What is alt text?
An alt text is an image description that provides a textual alternative to visual content on the Internet in general and, in our case, BRYTER Modules specifically. The main purpose of alternative text is to make the content of images, screenshots, and any other non-textual items accessible to all users, including but not limited to those who are visually impaired as well as those whose browser settings restrict visual content.
Why is alt text useful?
Users with visual or other (e.g., learning) disabilities may choose to use a screen reader, an assistive technology, to navigate and consume websites. A screen reader renders text and image content as speech or braille output.
As images convey a lot of information in a short amount of time, the goal is to create a similar experience for users relying on alt text to understand the image used in the BRYTER Module. This holds especially true when visual content is meant to support textual content rather than serving aesthetic or decorative purposes.
How to add alt text
- Enter an alt text during the uploading process of an image
- Edit an alt text in the editor
How to use alt text in your BRYTER Modules
Providing alt text is strongly recommended and there are a few Do's and Don'ts to help you get started:
General guidelines for writing helpful alt texts
- Be specific and keep it short
Generally, try to add informative and concise alt text to your visual content. Write alt text that explains why the image is included and what is depicted. Be as precise and concise in your language. Keep the alt text as short as possible and as detailed as needed. Note that some older screen readers may cut off after around 100-140 characters.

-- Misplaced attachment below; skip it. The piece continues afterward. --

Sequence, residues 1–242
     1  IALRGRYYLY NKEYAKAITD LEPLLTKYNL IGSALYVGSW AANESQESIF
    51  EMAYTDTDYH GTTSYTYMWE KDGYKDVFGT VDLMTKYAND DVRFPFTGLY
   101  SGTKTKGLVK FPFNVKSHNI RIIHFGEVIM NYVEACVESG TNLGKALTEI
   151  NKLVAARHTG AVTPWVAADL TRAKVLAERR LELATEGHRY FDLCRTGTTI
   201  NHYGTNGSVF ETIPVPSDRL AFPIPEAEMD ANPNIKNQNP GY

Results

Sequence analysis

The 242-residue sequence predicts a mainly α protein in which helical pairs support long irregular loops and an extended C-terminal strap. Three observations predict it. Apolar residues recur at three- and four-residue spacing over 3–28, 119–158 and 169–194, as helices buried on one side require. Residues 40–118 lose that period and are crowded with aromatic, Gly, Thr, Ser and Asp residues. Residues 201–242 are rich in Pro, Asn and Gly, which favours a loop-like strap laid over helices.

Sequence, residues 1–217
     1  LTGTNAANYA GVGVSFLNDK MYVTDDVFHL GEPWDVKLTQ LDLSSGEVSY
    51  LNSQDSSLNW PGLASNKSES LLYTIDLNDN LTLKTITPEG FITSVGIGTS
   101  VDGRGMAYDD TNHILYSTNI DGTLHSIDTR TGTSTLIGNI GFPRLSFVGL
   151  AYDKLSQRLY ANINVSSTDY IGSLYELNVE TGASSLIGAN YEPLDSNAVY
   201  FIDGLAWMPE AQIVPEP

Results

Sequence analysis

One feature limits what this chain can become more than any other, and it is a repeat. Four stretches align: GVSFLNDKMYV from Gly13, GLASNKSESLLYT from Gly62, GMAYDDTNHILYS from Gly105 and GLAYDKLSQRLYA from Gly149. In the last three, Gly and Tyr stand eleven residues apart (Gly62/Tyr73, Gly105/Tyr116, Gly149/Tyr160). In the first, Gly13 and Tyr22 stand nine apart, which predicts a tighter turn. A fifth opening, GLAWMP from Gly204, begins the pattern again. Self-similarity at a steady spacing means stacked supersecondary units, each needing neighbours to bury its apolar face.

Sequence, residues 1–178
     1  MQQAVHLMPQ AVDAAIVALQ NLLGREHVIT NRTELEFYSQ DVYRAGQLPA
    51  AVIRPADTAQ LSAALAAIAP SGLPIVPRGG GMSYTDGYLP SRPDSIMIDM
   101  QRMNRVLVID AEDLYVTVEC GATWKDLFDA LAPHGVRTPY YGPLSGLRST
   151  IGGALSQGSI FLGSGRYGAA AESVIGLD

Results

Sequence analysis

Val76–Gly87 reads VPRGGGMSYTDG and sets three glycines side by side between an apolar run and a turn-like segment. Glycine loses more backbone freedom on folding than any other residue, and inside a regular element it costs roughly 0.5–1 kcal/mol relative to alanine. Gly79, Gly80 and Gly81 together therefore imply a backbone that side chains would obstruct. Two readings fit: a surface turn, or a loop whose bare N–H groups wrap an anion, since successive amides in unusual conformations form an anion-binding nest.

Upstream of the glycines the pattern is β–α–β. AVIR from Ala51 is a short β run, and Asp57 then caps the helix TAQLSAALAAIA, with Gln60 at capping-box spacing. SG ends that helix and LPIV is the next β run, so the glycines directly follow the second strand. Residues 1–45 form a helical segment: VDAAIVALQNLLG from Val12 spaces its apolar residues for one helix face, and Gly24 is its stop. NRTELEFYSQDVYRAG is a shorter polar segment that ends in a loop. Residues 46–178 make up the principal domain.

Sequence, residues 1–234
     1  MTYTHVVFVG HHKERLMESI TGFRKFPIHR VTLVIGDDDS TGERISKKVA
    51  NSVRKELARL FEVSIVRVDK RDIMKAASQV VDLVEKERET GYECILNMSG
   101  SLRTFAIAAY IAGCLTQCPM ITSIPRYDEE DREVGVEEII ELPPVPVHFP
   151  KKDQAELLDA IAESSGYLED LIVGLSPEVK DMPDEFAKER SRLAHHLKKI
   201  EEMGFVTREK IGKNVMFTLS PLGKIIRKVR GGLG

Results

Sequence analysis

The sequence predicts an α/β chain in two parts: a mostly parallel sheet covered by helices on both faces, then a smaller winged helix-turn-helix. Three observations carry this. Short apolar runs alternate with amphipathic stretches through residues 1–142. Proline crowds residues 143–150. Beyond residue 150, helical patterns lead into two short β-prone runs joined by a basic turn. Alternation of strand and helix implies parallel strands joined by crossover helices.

- Follow basic grammar rules
Use active voice, present tense, and punctuation in your alt text. In text-to-speech punctuation determines when pauses occur, creating a more pleasant experience for the user.
- Screen reader will automatically say "image"
Do not start an alt text with "image of" or "graphic of". Bear in mind that the screen reader will automatically say "image" when it reaches an image and then read the content.
If you offer Modules in several languages, the alt text should be translated alongside all other content.
- File name of the image
In most cases, a file name is not suited as alt text. Especially, when the file name is a random sequence of characters that hold no meaning to the image itself.
- Content credit
The name of the author, illustrator, UX designer, photographer, or anyone else who has worked on the content does not belong in the alt text and is typically placed in an image description or within the text itself.
- Avoid images that hold text
If possible, avoid images that hold text. If it is not avoidable, focus and describe only the things that are necessary to understand the image.
- Avoid alt text when image is purely decorative
If the content of the visual content does not provide any additional information to the user and is purely decorative you do not need to add an alt text. Instead, question why and whether or not the image needs to be included.